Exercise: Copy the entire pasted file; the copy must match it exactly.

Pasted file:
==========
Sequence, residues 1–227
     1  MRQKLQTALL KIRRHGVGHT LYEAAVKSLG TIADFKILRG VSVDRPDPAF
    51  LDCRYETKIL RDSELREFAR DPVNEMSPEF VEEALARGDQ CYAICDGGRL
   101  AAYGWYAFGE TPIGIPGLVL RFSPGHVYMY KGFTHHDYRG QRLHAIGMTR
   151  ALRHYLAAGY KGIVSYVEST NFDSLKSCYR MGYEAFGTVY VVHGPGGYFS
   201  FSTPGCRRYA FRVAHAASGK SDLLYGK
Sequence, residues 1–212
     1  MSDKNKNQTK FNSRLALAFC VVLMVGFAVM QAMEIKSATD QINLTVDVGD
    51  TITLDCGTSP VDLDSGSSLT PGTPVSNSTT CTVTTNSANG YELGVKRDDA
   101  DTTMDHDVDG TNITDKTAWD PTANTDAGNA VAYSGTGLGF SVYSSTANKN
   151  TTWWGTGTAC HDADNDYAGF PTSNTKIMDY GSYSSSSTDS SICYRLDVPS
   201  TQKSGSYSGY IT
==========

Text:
Sequence, residues 1–227
     1  MRQKLQTALL KIRRHGVGHT LYEAAVKSLG TIADFKILRG VSVDRPDPAF
    51  LDCRYETKIL RDSELREFAR DPVNEMSPEF VEEALARGDQ CYAICDGGRL
   101  AAYGWYAFGE TPIGIPGLVL RFSPGHVYMY KGFTHHDYRG QRLHAIGMTR
   151  ALRHYLAAGY KGIVSYVEST NFDSLKSCYR MGYEAFGTVY VVHGPGGYFS
   201  FSTPGCRRYA FRVAHAASGK SDLLYGK
Sequence, residues 1–212
     1  MSDKNKNQTK FNSRLALAFC VVLMVGFAVM QAMEIKSATD QINLTVDVGD
    51  TITLDCGTSP VDLDSGSSLT PGTPVSNSTT CTVTTNSANG YELGVKRDDA
   101  DTTMDHDVDG TNITDKTAWD PTANTDAGNA VAYSGTGLGF SVYSSTANKN
   151  TTWWGTGTAC HDADNDYAGF PTSNTKIMDY GSYSSSSTDS SICYRLDVPS
   201  TQKSGSYSGY IT